4430. And Shechem saw her. That this signifies truth, is evident from the representation of Shechem as being truth, here the truth of the church from ancient time. That this is represented by Shechem is because there still were remains of the church with that nation to which Shechem belonged. That this was one of the well-disposed nations is manifest from the sincerity with which Hamor and Shechem spoke to Jacob and his sons (verses 8-12), and from the condescension that Shechem might take Dinah for a wife (verses 18-24); for which reason the truth of the church was represented by them. And besides, the city Shechem was Abram's first station when he came from Syria into the land of Canaan (Gen. 12:6); and was now also Jacob's first station in coming from Syria, in which he spread his tent, made booths, and erected an altar (Gen. 33:17-20). That by the journeys or sojournings of Abraham and Jacob were represented progressions into the truths of faith and goods of love which in the supreme sense relate to the Lord and in the relative sense to the man who is being regenerated by the Lord, has been repeatedly shown. Hence by the "city Shechem" was signified the first of light (n. 1440, 1441), consequently interior truth, for this is the first of light.
 But in this chapter in the internal sense the descendants of Jacob are treated of - how they extinguished in themselves this first of light, or interior truth. In this sense, which is the internal historical sense, the sons of Jacob signify all his descendants; for in the internal sense of the Word the things of the Lord's kingdom are exclusively treated of, thus the things of His church. The sons of Jacob themselves did not constitute any church, but their descendants, and this only after they had gone out of Egypt, and in actuality only after they came into the land of Canaan.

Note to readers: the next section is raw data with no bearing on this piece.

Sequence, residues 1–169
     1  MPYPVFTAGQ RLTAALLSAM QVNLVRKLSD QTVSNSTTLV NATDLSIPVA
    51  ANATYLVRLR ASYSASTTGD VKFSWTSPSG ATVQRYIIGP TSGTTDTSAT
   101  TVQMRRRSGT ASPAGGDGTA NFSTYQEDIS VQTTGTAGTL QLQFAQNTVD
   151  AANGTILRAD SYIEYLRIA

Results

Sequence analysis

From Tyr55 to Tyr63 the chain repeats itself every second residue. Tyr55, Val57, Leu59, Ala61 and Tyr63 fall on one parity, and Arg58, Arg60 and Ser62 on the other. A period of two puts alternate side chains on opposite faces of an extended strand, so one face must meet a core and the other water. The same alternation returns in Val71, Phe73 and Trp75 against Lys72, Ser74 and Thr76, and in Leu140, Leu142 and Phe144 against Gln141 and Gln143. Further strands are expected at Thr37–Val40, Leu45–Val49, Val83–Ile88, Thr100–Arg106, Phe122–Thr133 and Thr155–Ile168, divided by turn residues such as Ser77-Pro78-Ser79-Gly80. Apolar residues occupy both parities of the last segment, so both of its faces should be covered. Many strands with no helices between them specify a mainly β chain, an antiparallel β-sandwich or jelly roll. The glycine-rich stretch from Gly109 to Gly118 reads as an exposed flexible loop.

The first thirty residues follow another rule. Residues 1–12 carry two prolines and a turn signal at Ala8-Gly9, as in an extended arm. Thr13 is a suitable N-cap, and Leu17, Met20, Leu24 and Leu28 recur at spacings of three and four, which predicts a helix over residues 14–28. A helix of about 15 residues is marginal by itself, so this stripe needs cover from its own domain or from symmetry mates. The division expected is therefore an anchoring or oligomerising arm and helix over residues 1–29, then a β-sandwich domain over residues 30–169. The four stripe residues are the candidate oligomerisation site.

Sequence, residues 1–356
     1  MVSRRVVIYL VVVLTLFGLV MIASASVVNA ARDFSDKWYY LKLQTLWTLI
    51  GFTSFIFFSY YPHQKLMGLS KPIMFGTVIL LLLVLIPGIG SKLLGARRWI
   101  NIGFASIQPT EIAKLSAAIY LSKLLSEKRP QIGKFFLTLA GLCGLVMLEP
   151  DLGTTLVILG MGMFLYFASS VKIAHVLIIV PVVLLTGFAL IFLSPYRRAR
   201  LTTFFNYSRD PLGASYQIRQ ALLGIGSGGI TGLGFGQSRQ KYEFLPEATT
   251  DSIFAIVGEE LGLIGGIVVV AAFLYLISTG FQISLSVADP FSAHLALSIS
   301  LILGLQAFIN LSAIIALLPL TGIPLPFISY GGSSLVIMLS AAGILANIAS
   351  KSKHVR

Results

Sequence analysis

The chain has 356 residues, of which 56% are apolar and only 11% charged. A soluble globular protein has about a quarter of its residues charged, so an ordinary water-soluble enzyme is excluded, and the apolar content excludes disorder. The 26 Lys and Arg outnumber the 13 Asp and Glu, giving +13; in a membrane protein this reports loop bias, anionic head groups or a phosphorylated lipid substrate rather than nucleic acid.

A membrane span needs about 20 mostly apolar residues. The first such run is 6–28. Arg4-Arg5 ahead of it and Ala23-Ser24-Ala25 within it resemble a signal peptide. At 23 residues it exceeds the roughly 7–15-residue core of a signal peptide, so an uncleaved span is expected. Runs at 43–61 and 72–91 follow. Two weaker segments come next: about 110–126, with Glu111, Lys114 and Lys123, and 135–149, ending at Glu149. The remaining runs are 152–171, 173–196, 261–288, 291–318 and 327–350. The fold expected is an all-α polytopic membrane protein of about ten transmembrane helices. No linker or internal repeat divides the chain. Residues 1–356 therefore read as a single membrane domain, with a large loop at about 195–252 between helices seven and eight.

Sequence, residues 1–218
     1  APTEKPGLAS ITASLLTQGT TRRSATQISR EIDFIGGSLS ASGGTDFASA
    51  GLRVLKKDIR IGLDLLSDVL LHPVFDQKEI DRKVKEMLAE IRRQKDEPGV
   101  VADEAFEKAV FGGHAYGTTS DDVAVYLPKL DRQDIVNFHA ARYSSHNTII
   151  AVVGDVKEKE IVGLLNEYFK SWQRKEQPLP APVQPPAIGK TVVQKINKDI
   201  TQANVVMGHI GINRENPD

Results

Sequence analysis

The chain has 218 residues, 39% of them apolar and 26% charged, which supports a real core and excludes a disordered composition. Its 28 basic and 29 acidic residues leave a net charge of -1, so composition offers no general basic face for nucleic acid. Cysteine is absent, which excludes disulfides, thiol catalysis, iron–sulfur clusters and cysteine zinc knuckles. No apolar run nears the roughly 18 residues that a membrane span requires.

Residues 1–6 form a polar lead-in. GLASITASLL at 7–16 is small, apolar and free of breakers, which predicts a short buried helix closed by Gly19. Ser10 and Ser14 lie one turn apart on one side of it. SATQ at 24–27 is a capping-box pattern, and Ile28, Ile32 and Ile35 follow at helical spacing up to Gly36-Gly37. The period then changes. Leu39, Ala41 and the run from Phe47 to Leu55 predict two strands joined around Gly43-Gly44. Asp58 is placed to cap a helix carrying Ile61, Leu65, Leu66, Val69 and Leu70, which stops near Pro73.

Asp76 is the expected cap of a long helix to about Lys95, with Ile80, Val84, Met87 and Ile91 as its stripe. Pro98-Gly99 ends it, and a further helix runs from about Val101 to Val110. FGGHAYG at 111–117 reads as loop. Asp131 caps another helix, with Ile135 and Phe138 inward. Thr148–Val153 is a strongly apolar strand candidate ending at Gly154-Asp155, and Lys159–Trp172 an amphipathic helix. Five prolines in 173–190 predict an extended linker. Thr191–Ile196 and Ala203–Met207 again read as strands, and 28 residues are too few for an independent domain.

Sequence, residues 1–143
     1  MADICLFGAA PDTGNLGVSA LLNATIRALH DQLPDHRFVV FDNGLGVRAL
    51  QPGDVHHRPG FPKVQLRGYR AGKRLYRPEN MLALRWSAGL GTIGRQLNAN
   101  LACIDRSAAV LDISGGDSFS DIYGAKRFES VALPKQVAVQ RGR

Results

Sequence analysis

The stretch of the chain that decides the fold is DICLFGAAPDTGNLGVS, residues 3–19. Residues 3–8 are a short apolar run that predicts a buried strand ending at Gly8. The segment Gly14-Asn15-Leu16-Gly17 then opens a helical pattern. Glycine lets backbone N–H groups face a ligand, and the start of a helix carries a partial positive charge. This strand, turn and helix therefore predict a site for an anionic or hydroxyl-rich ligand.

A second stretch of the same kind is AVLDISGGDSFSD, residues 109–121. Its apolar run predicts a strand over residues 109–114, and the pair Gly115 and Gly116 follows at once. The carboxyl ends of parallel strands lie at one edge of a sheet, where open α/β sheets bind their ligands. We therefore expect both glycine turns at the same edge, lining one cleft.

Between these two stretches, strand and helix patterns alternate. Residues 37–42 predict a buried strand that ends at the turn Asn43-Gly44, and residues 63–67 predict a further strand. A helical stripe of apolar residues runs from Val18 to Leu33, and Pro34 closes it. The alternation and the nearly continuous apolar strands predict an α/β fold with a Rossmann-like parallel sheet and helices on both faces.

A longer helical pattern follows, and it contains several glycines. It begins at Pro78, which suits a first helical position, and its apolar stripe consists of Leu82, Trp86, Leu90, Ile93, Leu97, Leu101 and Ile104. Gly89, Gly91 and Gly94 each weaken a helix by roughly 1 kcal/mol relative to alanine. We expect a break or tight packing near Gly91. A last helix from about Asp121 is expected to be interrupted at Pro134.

Moreover as regards this city named from Shechem, it was anciently called "Shalem," as is evident in the foregoing chapter:
Jacob came to Shalem, a city of Shechem, which is in the land of Canaan (Gen. 33:18);
that by "Shalem" is signified tranquillity, and by the "city of Shechem" the interior truths of faith, and that when a man comes to these truths he comes into a tranquil state, may be seen above (n. 4393). But the same city was afterwards called "Shechem," as may be seen in Joshua:
The bones of Joseph, which the sons of Israel caused to go up out of Egypt, buried they in Shechem, in the portion of the field which Jacob bought of the sons of Hamor the father of Shechem for a hundred kesitah (Josh. 24:32).
And in the book of Judges:
Gaal the son of Ebed said to the citizens of Shechem, Who is Abimelech, and who is Shechem, that we should serve him? Is not he the son of Jerubbaal, and Zebul is his officer? Serve ye the men of Hamor the father of Shechem, and why should we serve this man? (Judg. 9:28).
 The same city was afterwards called "Sychar," as is evident in John:
Jesus came to a city of Samaria called Sychar, near to the field which Jacob gave to his son Joseph; and Jacob's spring was there (John 4:5-6).
That by this city is signified interior truth, is evident from these passages, and also from others where it is named, as in Hosea:
Gilead is a city of them that work iniquity, it has been befouled with blood; and as troops wait for a man, a companionship of priests, on the way to Shechem they kill, because they have wrought wickedness; in the house of Israel I have seen a foul thing (Hos. 6:8-10);
where "on the way to Shechem they kill" signifies that they extinguish truths even to those which are interior, thus all external truths. The extinction of interior truth is also signified by Abimelech's destroying that city and sowing it with salt (Judges 9:45).